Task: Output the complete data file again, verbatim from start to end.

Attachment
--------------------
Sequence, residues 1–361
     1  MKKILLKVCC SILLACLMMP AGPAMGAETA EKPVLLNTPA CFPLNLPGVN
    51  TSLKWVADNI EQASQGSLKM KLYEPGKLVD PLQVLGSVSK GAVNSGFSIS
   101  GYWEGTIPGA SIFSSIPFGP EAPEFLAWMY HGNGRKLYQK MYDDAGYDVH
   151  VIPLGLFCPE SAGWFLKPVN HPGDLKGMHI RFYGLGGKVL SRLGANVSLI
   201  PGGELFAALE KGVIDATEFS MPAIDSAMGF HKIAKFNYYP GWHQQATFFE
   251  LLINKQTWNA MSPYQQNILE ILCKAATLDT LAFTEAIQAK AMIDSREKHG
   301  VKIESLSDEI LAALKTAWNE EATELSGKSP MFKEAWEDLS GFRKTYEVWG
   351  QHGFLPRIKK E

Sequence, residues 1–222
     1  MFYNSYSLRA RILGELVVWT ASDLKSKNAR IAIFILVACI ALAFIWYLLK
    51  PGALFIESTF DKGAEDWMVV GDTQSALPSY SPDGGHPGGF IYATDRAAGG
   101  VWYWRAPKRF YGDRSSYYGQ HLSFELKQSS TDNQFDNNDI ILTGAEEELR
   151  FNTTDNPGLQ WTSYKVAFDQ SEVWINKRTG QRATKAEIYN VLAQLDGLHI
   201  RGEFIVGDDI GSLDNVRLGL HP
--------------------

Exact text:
Sequence, residues 1–361
     1  MKKILLKVCC SILLACLMMP AGPAMGAETA EKPVLLNTPA CFPLNLPGVN
    51  TSLKWVADNI EQASQGSLKM KLYEPGKLVD PLQVLGSVSK GAVNSGFSIS
   101  GYWEGTIPGA SIFSSIPFGP EAPEFLAWMY HGNGRKLYQK MYDDAGYDVH
   151  VIPLGLFCPE SAGWFLKPVN HPGDLKGMHI RFYGLGGKVL SRLGANVSLI
   201  PGGELFAALE KGVIDATEFS MPAIDSAMGF HKIAKFNYYP GWHQQATFFE
   251  LLINKQTWNA MSPYQQNILE ILCKAATLDT LAFTEAIQAK AMIDSREKHG
   301  VKIESLSDEI LAALKTAWNE EATELSGKSP MFKEAWEDLS GFRKTYEVWG
   351  QHGFLPRIKK E

Sequence, residues 1–222
     1  MFYNSYSLRA RILGELVVWT ASDLKSKNAR IAIFILVACI ALAFIWYLLK
    51  PGALFIESTF DKGAEDWMVV GDTQSALPSY SPDGGHPGGF IYATDRAAGG
   101  VWYWRAPKRF YGDRSSYYGQ HLSFELKQSS TDNQFDNNDI ILTGAEEELR
   151  FNTTDNPGLQ WTSYKVAFDQ SEVWINKRTG QRATKAEIYN VLAQLDGLHI
   201  RGEFIVGDDI GSLDNVRLGL HP